7. The method of claim 4, further comprising updating ownership credentials of the client, wherein updating ownership credentials comprises:
receiving updated ownership credentials from the server;
unsealing ownership credentials at the client using a client Trusted Platform Module (TPM);
updating the ownership credentials at the client; and
sealing the updated ownership credentials at the client using the client TPM.
8. The method of claim 1, further comprising updating server configuration information at the client with updated server configuration information received from the server.
9. The method of claim 1, further comprising performing a client setup comprising:
sealing trustworthy server configuration information using a client Trusted Platform Module (TPM); and
sealing ownership credentials using a client TPM.
10. The method of claim 1 wherein the client includes a service microcontroller to provide a protected environment of the client for verifying server integrity.
11. The method of claim 1 wherein the client includes a LaGrande Technology compatible processor and a LaGrande Technology compatible chipset to provide a protected environment of the client for verifying server integrity.
12. An article of manufacture comprising:
a machine-accessible medium including a plurality of instructions which when executed perform operations comprising:
establishing a connection with a server by a client during a preboot of the client;
verifying server integrity of the server by the client during the preboot of the client;
verifying ownership credentials of the server associated with the client during the preboot of the client; and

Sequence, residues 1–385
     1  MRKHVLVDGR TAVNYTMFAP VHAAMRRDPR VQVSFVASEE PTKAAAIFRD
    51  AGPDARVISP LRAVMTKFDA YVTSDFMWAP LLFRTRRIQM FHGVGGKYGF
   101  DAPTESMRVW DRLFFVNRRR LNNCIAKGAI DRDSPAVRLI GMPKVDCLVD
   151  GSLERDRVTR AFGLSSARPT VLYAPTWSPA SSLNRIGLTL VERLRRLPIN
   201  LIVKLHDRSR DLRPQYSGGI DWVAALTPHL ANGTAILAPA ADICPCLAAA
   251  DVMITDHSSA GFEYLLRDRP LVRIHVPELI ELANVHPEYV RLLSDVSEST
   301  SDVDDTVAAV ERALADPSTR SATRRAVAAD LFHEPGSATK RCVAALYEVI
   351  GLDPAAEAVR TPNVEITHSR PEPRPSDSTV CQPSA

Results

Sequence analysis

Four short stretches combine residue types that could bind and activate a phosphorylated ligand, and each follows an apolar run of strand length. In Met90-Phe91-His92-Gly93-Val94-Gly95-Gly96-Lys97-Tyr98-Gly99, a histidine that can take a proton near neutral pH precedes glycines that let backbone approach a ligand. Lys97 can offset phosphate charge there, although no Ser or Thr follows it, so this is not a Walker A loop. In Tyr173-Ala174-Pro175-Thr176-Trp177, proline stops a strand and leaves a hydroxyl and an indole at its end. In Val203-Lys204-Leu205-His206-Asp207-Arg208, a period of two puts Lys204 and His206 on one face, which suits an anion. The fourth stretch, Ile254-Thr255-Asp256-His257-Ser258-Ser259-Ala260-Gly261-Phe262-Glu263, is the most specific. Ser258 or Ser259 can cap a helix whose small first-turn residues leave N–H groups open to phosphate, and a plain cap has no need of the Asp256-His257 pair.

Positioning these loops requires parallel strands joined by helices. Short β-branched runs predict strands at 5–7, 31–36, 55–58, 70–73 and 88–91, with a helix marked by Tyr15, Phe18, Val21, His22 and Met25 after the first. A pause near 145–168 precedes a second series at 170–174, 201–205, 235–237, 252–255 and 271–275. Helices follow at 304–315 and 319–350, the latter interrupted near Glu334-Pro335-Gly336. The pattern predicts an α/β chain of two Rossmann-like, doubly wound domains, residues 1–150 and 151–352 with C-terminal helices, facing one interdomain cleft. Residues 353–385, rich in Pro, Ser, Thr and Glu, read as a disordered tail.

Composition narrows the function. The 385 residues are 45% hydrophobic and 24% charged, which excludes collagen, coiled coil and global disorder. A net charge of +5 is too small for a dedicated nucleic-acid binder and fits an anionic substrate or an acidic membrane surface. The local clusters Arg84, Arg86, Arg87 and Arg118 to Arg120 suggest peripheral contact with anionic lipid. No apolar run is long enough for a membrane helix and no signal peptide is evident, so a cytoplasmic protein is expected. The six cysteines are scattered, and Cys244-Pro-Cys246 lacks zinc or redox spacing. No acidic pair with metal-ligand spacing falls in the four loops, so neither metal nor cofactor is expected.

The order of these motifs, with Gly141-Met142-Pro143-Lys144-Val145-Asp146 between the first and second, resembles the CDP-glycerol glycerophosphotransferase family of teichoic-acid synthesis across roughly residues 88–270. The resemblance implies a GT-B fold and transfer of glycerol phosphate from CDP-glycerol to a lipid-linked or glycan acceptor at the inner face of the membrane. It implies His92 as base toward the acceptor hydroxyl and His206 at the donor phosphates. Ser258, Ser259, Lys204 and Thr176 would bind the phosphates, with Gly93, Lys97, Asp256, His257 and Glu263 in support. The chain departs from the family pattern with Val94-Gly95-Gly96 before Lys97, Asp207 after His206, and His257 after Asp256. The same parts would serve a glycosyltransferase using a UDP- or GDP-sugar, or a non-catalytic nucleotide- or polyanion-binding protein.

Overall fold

booting the client with a boot image file received from the server if the server integrity is verified and if the ownership credentials are verified.
13. The article of manufacture of claim 12 wherein verifying server integrity comprises:
sending a client Trusted Platform Module (TPM) public key to the server;
receiving encrypted server configuration information from the server, wherein the encrypted server configuration information includes server configuration information encrypted with the client TPM public key;
decrypting the encrypted server configuration information using a client TPM private key; and
verifying the received server configuration information against trustworthy server configuration information at the client.
14. The article of manufacture of claim 13 wherein verifying ownership credentials comprises:
receiving encrypted ownership credentials from the server, wherein the encrypted ownership credentials include ownership credentials stored on the server associated with the client encrypted with the client TPM public key;
decrypting the encrypted ownership credentials using the client TPM private key; and
verifying the received ownership credentials against ownership credentials at the client.
15. The article of manufacture of claim 12 wherein execution of the plurality of instructions further perform operations comprising:
sealing trustworthy server configuration information by a client Trusted Platform Module (TPM); and
sealing ownership credentials by the client TPM.
16. The article of manufacture of claim 12 wherein the plurality of instructions are to be executed in a protected environment of the client.
17. A method, comprising:
establishing a connection between a client and a server;
receiving a request for proof of server integrity at the server from the client; and
sending proof of server integrity to the client from the server.